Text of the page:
How Pop Warner Colorado Springs Makes Kids Feel At Home


Pop Warner football and cheer isn’t just about scoring touchdowns and sticking landings. The most important part of any youth sports program is helping kids make friends, build confidence, and connect with their community. Watching that happen is amazing, especially when the kids only get the chance to be there for a little while.  

That’s certainly the case for players, cheerleaders, and coaches for the Colorado Springs Vikings, an organization that plays in the Pike’s Peak Pop Warner Regional League. The Colorado Springs area is home to four military bases, so a large percentage of their seventy-something kids, aged 5-12, come from military families. That means that not only are there new faces all the time, but frequently, the team loses familiar ones.  

Being a part of a military family isn’t always easy on kids, from parents working atypical hours to frequent relocations or sudden deployments. So, having a team to play with, or cheer with, creates a built-in group of friends that can really help kids feel at home, even in a new place.  

Vikings president and Mitey Mites coach Wesley Wright has seen plenty of faces come and go since he took over the program in 2015. He knows that he might lose any number of players or coaches over the course of a season, so he starts the season with a few extra to prevent a midseason scramble when one or more families get reassigned. 

When it comes to fundraising for the team, the fluid nature of the roster can pose another challenge. Very few members of the team are actually from the area, so there isn’t a wide array of family members who live nearby when it comes time to ask for donations. Wesley said that for the Vikings, it was essential to reach out all over the country to raise money. They used Facebook to spread the word about the fundraiser, and it took off!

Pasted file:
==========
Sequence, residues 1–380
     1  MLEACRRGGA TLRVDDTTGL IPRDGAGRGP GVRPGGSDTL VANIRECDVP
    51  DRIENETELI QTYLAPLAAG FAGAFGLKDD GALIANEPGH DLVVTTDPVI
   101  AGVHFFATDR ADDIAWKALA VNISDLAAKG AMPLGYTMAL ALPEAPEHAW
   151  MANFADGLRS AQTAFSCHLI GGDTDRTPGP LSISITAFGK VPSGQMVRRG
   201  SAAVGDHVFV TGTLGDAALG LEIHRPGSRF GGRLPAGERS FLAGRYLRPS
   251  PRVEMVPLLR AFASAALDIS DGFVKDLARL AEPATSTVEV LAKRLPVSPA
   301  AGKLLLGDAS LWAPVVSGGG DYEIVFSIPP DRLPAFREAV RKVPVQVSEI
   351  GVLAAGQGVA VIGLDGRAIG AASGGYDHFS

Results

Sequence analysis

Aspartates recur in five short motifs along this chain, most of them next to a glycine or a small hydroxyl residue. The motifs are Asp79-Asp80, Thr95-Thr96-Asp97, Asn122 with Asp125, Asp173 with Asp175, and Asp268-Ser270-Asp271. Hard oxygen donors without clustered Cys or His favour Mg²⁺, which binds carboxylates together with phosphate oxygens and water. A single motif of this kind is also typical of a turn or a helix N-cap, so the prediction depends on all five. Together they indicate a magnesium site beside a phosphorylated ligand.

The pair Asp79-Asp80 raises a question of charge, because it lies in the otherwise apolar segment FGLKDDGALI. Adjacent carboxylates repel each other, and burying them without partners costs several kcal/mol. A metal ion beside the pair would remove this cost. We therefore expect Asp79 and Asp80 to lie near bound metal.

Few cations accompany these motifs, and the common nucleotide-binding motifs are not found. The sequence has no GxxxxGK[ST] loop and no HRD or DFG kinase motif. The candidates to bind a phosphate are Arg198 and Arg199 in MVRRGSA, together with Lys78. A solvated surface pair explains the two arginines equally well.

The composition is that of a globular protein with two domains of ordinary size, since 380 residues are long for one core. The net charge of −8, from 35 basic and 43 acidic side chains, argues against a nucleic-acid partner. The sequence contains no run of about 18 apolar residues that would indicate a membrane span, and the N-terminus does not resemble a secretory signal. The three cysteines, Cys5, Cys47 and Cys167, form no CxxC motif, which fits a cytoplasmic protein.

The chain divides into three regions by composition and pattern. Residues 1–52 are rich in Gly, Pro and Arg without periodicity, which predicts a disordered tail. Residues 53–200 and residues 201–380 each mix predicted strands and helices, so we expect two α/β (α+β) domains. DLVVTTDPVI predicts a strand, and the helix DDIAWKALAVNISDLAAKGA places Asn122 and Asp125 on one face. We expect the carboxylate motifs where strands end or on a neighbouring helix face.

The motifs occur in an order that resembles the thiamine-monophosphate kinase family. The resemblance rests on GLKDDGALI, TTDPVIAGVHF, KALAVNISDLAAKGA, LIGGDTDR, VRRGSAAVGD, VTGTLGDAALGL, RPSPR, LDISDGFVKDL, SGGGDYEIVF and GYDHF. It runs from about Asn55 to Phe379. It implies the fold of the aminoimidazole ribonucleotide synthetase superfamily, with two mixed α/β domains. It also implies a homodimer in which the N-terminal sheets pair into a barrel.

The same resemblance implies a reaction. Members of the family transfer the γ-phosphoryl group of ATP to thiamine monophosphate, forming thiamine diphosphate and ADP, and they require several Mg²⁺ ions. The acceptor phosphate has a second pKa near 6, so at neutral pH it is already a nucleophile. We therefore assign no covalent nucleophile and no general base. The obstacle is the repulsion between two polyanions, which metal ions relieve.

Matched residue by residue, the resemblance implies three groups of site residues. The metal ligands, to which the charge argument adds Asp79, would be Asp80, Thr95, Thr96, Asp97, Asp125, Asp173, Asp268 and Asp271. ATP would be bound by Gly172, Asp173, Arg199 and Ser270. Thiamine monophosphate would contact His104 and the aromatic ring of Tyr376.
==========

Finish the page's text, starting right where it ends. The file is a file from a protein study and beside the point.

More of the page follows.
“We didn’t have a set goal when we started, because we hadn’t done this before. But we haven’t had success like this with a fundraiser. It exceeded all of our expectations. I can’t wait to do this again. There was just no limit to how much we can sell. It was amazing.”

Family, friends, and even former players from all over the country chipped in to help the Vikings. They sold about seven thousand dollars in the process, with 50% coming back to the organization. And almost everyone participated.

“We didn’t have any mandatory participation,” Wesley said. “We just encouraged families to sell and let them know that it would help with travel, parties, trophies. All of the end of the year stuff that people love… Once families saw how easy it was to share, it just got rolling.” 

That money will help the Vikings do a lot more than party at the end of the year. It will help with uniforms and equipment, as well as defraying some of the travel costs that are currently handled by the participants’ families. They’re also hoping to establish a new home field in partnership with a local school, so they can have better seating, lights, and a true home-field advantage.  

Not that they need it to be successful. The Colorado Springs Vikings are already the reigning Colorado State champions in the Mitey Mites division.


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